Now, since we’ve moved to the home metaphor, let’s discuss plans. Your contractor wouldn’t just buy a bunch of lumber and nails and say, “Let’s do this thing!” No, they would sit with you and discuss needs – first, what’s your budget? Now, making sure to identify what is a “want” versus a “need”, how many bedrooms are in this plan? How many bathrooms? What size kitchen? Do you really want the hardwood floors, or is a scratch-resistant option better since you have pets? Also, what’s you’re long-term plan – more bedrooms? More baths? Then, they would draw up the blueprint, matching your “needs” and “wants” with your budget. They’d show you the blueprint with the requirements you gave them, walking you through it (perhaps even a 3D tour!) to explain how everything would work. Once you approve, it’s off to the lumberyard to get the materials and the crew comes in to start building with the blueprint.
Minor changes and finishing touches are made as you see the house progress, and then BAM, moving day is here. Of course you make some more tweaks and they do some touch-ups on paint, and then you live in your cozy home. Until your brand-new baby comes along and a nursery has to be built – and you go through a similar process to add that room onto your home, in way that works best for your family.
How does this relate to software? Your implementation team should do something similar. They will sit down with you and discuss your budget and business needs, asking questions like:
- What data and documents are being captured, and how would you find that information most easily?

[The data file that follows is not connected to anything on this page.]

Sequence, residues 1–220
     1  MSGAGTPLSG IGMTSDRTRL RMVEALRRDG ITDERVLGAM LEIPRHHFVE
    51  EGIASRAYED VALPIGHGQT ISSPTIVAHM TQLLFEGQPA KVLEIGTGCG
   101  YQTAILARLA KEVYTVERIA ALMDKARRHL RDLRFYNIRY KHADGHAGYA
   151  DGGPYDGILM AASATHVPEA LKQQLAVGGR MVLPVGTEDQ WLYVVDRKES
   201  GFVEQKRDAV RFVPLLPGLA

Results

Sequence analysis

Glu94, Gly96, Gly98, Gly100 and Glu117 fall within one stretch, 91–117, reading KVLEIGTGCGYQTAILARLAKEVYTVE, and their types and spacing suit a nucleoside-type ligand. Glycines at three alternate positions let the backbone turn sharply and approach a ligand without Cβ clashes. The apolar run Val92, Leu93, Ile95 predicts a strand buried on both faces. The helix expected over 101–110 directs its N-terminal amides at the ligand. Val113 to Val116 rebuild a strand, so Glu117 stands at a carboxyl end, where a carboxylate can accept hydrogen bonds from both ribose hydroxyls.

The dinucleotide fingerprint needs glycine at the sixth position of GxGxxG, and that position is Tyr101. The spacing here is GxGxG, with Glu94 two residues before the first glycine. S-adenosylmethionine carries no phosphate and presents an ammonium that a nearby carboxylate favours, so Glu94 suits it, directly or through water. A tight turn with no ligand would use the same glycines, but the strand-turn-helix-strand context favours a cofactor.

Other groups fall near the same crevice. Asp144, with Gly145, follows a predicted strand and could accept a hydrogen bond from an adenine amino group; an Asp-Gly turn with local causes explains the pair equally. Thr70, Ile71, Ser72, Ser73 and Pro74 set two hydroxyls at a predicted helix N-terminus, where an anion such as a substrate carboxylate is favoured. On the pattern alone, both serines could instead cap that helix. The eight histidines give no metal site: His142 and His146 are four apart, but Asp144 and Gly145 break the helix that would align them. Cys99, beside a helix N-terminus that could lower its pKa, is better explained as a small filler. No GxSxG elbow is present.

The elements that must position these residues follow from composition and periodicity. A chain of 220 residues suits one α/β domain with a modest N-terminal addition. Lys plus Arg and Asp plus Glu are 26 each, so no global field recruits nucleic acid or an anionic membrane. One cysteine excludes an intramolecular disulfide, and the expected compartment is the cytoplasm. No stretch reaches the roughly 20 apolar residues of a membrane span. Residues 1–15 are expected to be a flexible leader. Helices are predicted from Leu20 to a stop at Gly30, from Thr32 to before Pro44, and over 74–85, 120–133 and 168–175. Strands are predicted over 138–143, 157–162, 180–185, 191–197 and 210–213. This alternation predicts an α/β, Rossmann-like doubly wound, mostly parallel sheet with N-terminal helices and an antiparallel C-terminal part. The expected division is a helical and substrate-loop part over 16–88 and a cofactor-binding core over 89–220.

- Do you need a workflow for approvals or denials? How many steps are in that process?
- What interactions will users need, and how should they be limited based on their job roles?
The implementation team will then take those requirements (and nice-to-haves) and match them to your budget, in order to create as robust and long-term solution as possible. They may provide wireframes and process flows, so you can envision the end result. As they build, they may do prototype reviews so you can see how the user interfaces (screens) and processes will work upon go-live. Near the end, they may need more details for the finishing touches. Then the team trains you on the solution, you enter User Acceptance Testing (UAT) where you discover what needs to be tweaked, and then BAM, it’s go-live day!
Lastly, you work with the implementation team on final touch-ups and enjoy your new cozy Enterprise Information Platform. Until your AP department is struggling to keep up with the influx of paper invoices and an electronic AP Invoicing Process needs to be implemented – and you go through a similar “blueprint/building” process to add that solution onto your platform, in a way that works best for your organization.